Agencies

[Federal Register Volume 85, Number 171 (Wednesday, September 2, 2020)]
[Proposed Rules]
[Pages 54529-54531]
From the Federal Register Online via the Government Publishing Office [www.gpo.gov]
[FR Doc No: 2020-19414]



[[Page 54529]]

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DEPARTMENT OF COMMERCE

National Oceanic and Atmospheric Administration

50 CFR Part 660

RIN 0648-BJ74


Magnuson-Stevens Act Provisions; Fisheries Off West Coast States; 
Pacific Coast Groundfish Fishery Management Plan; Amendment 29; 2021-
2022 Biennial Specifications and Management Measures

AGENCY: National Marine Fisheries Service (NMFS), National Oceanic and 
Atmospheric Administration (NOAA), Commerce.

ACTION: Availability of a proposed fishery management plan amendment; 
request for comments.

-----------------------------------------------------------------------

SUMMARY: NMFS announces that the Pacific Fishery Management Council has 
submitted Amendment 29 to the Pacific Coast Groundfish Fishery 
Management Plan to the Secretary of Commerce for review. If approved, 
Amendment 29 would reclassify shortbelly rockfish as an ecosystem 
component species and would make changes to the trawl/non-trawl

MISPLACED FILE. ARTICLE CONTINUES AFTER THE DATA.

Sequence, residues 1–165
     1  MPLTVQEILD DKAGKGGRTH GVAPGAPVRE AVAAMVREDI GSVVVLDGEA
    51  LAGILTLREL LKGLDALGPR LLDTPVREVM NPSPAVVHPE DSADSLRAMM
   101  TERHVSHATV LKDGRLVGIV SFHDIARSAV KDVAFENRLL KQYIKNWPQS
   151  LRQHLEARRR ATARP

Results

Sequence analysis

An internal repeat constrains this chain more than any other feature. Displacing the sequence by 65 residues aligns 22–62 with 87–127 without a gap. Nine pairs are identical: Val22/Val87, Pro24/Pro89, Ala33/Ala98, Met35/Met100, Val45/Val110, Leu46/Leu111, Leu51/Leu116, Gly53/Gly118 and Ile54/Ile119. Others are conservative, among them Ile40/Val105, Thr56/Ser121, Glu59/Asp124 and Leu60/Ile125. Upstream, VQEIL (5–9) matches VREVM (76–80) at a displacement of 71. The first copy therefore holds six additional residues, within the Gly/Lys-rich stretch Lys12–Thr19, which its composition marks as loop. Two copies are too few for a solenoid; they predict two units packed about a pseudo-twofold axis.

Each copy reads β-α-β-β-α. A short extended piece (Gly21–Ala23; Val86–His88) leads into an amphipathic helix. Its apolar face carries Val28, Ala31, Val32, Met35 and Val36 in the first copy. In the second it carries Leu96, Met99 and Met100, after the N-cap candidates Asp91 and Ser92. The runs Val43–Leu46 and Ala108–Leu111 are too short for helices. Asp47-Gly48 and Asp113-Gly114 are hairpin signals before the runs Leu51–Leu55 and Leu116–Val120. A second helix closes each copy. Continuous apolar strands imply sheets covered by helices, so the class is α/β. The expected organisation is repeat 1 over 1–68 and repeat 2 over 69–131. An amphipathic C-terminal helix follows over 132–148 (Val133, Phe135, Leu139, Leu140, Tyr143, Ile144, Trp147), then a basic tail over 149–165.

allocations for blackgill rockfish within the southern slope complex 
south of 40[deg]10' North latitude (N lat.), petrale sole, lingcod 
south of 40[deg]10' N lat., and widow rockfish.

DATES: Comments on Amendment 29 must be received no later than November 
2, 2020.

ADDRESSES: You may submit comments on this document, identified by 
NOAA-NMFS-2020-0098, by any of the following methods:
     Electronic Submission: Submit all electronic public 
comments via the Federal e-Rulemaking Portal. Go to 
www.regulations.gov/#!docketDetail;D=NOAA-NMFS-2020-0098, click the 
``Comment Now!'' icon, complete the required fields, and enter or 
attach your comments.
     Mail: Submit written comments to Barry A. Thom., Regional 
Administrator, 7600 Sand Point Way NE, Seattle, WA 98115.
    Instructions: Comments sent by any other method, to any other 
address or individual, or received after the end of the comment period, 
may not be considered by NMFS. All comments received are a part of the 
public record and will generally be posted for public viewing on 
www.regulations.gov without change. All personal identifying 
information (e.g., name, address, etc.), confidential business 
information, or otherwise sensitive information submitted voluntarily 
by the sender will be publicly accessible. NMFS will accept anonymous 
comments (enter ``N/A'' in the required fields if you wish to remain 
anonymous).

Electronic Access

    This rule is accessible via the internet at the Office of the 
Federal Register website at https://www.federalregister.gov/. 
Background information and documents including an integrated analysis 
for this action (Analysis), which addresses the statutory requirements 
of the Magnuson Stevens Fishery Conservation and Management Act 
(Magnuson-Stevens Act), the National Environmental Policy Act,